We have a few new variables we can introduce, for example the period, the period itself.
The period is defined as the time between the next repeated oscillation
and again just like we talked about with the wavelength and the physical wave,
you have to be careful on how you define the period,
it's not define as the distance between on a graph next to zero points for example,
not just between adjacent zeros but the time between the next repetition.
So in this wave for example the two zero points again are different
because in one case as the wave crosses zero,
it's on its wave down and then in the other case as it crosses zero,
it's on its way up, and so those are two distinct points.
So for the period you always want to be careful to compare identical points
and that will include their environment whether it's on its way up or it's on its way down
and how it's behaving.
And again the safe way to always calculate this
is to keep yourself to measuring the peaks,
the difference between the peaks or the distance between the troughs
rather than trying to pick maybe zero points or any other point on your wave.
The units of the period are seconds because we're just measuring the time,
how long it takes before the object,
whatever it is maybe the point on the guitar string repeats its motion.
And then we could define a new quantity called the frequency.
The frequency is measuring the number of the cycles
your wave makes per second and is therefore define as one
divided by the period or the inverse of the period.
So the units of this frequency as you can see
just from the equation for frequency as one over the period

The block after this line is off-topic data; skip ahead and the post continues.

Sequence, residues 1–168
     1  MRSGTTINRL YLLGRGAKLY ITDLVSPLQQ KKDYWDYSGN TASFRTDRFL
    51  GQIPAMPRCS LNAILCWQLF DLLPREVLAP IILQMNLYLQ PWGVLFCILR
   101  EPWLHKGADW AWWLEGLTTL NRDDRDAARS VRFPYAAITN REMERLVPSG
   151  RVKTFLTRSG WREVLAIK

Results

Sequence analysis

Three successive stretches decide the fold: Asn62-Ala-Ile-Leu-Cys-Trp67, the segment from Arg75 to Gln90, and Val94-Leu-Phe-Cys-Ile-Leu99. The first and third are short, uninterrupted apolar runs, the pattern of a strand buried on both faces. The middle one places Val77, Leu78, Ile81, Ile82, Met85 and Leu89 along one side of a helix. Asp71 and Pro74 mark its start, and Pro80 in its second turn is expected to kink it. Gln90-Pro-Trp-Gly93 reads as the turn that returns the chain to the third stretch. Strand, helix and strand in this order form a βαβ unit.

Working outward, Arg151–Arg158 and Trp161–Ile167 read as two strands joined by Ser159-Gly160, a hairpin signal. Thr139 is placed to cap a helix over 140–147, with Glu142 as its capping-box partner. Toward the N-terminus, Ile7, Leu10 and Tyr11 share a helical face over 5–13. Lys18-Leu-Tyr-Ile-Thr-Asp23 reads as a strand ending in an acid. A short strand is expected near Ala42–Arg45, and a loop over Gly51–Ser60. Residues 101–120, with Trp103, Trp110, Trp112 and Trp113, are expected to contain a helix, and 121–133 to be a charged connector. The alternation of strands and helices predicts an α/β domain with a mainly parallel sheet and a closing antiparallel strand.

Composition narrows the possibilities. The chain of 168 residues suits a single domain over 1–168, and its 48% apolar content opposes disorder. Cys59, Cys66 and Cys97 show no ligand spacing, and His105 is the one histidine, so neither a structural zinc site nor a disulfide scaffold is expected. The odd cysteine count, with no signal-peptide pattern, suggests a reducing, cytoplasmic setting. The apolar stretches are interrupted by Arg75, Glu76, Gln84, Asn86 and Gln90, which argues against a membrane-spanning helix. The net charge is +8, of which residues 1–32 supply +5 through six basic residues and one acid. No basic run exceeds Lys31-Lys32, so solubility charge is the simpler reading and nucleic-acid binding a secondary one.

are one over seconds or sort of per second,
so this is what frequency is measuring is how many things are happening per second
and we call this one over seconds or per second hertz.
And the units of hertz are abbreviated with the letter Hz as you can see here.
And so this Hz is slightly different in the name of the units
because we have two letters are there
so be careful when you see not to think that there are two different units
or two different variables or anything like that, it's just one unit called hertz.
We could ask ourselves about the frequency of this particular wave
so suppose for example that this wave or this point on our guitar string
which is what we're tracking, goes up and down two times every second.
We would say that it has two cycles per second
and so the frequency of this wave would be two cycles per second or two hertz.
The next thing we'll introduce is possibly the most important equation,
we'll talk about with waves, it comes up over and over again
and many, many different contexts as we'll see and it is the wave velocity.
If we know the wavelength of the wave
then we also know the frequency at which that wave is repeating.
We can find that the velocity how quickly this wave is moving
and this example maybe from left to right
just by multiplying the wavelength of your wave
by the frequency of the wave and one easy way to remember this
and make sure you always get the variables right
is to think about the units of the wave velocity.
A velocity in our standard units
needs to be in meters per second or a distance over a time.
We know that since the wavelength is measuring a distance
and the frequency is measured in one over time
by multiplying these two together,
we get the proper units, the distance over the time.